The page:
Bioengineering, Issue 92, cell migration, 3D collagen matrix, cell tracking
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Isolation and Quantitative Immunocytochemical Characterization of Primary Myogenic Cells and Fibroblasts from Human Skeletal Muscle
Authors: Chibeza C. Agley, Anthea M. Rowlerson, Cristiana P. Velloso, Norman L. Lazarus, Stephen D. R. Harridge.
Institutions: King's College London, Cambridge Stem Cell Institute.
The repair and regeneration of skeletal muscle requires the action of satellite cells, which are the resident muscle stem cells. These can be isolated from human muscle biopsy samples using enzymatic digestion and their myogenic properties studied in culture. Quantitatively, the two main adherent cell types obtained from enzymatic digestion are: (i) the satellite cells (termed myogenic cells or muscle precursor cells), identified initially as CD56+ and later as CD56+/desmin+ cells and (ii) muscle-derived fibroblasts, identified as CD56 and TE-7+. Fibroblasts proliferate very efficiently in culture and in mixed cell populations these cells may overrun myogenic cells to dominate the culture. The isolation and purification of different cell types from human muscle is thus an important methodological consideration when trying to investigate the innate behavior of either cell type in culture. Here we describe a system of sorting based on the gentle enzymatic digestion of cells using collagenase and dispase followed by magnetic activated cell sorting (MACS) which gives both a high purity (>95% myogenic cells) and good yield (~2.8 x 106 ± 8.87 x 105 cells/g tissue after 7 days in vitro) for experiments in culture. This approach is based on incubating the mixed muscle-derived cell population with magnetic microbeads beads conjugated to an antibody against CD56 and then passing cells though a magnetic field. CD56+ cells bound to microbeads are retained by the field whereas CD56cells pass unimpeded through the column. Cell suspensions from any stage of the sorting process can be plated and cultured. Following a given intervention, cell morphology, and the expression and localization of proteins including nuclear transcription factors can be quantified using immunofluorescent labeling with specific antibodies and an image processing and analysis package.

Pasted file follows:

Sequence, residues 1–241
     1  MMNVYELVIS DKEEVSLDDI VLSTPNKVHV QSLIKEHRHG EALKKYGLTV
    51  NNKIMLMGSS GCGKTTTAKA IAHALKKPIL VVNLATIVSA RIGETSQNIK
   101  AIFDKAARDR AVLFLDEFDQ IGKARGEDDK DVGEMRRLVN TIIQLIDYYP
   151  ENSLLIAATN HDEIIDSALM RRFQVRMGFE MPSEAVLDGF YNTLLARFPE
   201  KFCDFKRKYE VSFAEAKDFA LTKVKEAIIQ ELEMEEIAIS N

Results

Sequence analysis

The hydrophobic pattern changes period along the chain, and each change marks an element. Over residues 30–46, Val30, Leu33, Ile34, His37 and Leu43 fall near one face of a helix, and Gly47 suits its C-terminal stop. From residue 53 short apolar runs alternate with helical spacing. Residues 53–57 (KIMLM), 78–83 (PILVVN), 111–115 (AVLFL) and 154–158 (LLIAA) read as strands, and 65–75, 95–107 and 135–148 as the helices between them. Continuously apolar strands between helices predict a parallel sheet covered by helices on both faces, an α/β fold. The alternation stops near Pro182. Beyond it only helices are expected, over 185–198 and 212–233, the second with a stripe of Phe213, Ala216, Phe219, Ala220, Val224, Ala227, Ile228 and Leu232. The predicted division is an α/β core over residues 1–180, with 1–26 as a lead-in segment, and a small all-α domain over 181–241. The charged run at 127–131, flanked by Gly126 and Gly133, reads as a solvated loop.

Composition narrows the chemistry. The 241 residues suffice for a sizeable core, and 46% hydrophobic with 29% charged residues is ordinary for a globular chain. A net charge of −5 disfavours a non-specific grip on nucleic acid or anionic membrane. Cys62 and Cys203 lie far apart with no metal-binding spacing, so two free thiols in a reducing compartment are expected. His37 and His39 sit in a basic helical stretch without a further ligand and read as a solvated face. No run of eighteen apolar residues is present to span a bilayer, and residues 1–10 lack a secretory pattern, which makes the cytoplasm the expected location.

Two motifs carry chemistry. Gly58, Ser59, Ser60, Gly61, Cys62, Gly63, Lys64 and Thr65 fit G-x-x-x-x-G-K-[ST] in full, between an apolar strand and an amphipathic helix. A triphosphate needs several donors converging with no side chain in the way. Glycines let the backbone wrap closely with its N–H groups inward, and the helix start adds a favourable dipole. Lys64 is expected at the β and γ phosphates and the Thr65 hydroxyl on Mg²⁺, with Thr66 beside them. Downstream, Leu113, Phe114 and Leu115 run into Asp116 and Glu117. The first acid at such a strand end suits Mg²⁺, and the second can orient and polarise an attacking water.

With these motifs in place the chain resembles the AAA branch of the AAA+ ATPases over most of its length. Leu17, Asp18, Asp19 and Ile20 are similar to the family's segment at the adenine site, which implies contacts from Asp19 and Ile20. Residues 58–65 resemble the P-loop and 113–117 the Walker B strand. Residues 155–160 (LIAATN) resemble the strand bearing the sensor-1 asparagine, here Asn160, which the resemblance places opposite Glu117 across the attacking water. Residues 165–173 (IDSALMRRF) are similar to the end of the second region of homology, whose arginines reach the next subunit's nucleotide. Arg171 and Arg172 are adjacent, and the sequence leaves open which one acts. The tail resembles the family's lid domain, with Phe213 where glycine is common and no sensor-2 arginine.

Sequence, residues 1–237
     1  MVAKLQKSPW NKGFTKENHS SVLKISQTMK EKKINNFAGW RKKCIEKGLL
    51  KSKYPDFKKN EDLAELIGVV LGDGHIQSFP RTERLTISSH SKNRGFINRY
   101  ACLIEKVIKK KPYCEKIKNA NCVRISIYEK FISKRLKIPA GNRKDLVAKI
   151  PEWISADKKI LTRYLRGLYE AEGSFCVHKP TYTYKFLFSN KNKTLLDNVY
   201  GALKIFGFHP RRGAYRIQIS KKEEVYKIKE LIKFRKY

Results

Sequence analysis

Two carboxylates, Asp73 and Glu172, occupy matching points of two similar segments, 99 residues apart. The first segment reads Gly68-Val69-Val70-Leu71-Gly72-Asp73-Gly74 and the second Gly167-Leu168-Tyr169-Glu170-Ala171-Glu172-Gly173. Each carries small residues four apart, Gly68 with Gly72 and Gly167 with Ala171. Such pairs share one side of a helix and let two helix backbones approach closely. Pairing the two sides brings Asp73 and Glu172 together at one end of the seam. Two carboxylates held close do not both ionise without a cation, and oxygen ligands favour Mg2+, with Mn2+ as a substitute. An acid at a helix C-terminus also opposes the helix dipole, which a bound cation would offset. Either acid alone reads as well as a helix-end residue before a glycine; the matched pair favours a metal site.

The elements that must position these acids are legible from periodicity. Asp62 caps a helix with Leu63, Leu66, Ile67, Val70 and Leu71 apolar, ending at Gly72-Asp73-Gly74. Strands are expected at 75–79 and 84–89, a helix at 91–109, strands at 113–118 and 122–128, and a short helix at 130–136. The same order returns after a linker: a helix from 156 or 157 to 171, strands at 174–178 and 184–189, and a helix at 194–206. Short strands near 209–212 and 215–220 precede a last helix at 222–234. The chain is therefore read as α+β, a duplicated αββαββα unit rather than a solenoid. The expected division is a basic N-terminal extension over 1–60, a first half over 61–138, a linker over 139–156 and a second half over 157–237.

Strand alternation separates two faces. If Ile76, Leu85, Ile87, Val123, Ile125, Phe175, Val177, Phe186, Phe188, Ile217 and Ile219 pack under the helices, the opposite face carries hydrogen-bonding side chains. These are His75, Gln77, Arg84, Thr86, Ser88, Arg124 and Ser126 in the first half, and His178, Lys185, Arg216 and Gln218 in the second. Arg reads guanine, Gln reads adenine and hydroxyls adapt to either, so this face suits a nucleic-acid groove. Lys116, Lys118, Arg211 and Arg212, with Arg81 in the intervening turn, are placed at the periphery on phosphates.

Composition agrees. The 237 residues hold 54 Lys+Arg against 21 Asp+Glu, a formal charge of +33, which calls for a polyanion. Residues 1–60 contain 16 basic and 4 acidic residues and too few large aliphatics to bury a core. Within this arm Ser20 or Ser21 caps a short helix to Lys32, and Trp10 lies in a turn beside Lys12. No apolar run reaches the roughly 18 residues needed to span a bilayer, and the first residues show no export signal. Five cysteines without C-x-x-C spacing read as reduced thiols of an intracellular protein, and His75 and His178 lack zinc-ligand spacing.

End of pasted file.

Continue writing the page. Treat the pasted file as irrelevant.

Developmental Biology, Issue 95, Stem cell Biology, Tissue Engineering, Stem Cells, Satellite Cells, Skeletal Muscle, Adipocytes, Myogenic Cells, Myoblasts, Fibroblasts, Magnetic Activated Cell Sorting, Image Analysis
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Inhibitory Synapse Formation in a Co-culture Model Incorporating GABAergic Medium Spiny Neurons and HEK293 Cells Stably Expressing GABAA Receptors
Authors: Laura E. Brown, Celine Fuchs, Martin W. Nicholson, F. Anne Stephenson, Alex M. Thomson, Jasmina N. Jovanovic.
Institutions: University College London.